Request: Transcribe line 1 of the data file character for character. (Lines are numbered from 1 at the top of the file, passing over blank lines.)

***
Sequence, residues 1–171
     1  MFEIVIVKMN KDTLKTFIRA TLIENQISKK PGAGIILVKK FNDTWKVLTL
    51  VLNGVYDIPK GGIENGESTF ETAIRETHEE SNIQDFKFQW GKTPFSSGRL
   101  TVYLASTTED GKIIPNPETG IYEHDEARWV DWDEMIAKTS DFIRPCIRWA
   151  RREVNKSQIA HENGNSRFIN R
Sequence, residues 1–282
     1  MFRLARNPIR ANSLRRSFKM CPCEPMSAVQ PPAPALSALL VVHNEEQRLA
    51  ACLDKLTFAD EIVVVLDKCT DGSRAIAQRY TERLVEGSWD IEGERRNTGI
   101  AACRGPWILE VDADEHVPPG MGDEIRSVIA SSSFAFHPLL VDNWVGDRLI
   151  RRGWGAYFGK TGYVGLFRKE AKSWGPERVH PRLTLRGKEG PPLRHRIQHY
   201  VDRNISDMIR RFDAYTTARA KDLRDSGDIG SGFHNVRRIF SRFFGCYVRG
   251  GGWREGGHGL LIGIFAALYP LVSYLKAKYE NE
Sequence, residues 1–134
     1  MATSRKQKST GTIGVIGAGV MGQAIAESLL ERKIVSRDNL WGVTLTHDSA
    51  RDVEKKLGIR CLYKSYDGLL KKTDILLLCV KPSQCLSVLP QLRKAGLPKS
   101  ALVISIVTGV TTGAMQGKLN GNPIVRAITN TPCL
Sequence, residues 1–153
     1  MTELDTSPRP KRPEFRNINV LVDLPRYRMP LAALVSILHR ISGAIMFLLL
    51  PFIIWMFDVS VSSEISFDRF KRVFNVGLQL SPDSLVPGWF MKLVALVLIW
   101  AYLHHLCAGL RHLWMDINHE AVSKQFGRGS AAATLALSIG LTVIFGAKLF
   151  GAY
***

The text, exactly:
Sequence, residues 1–171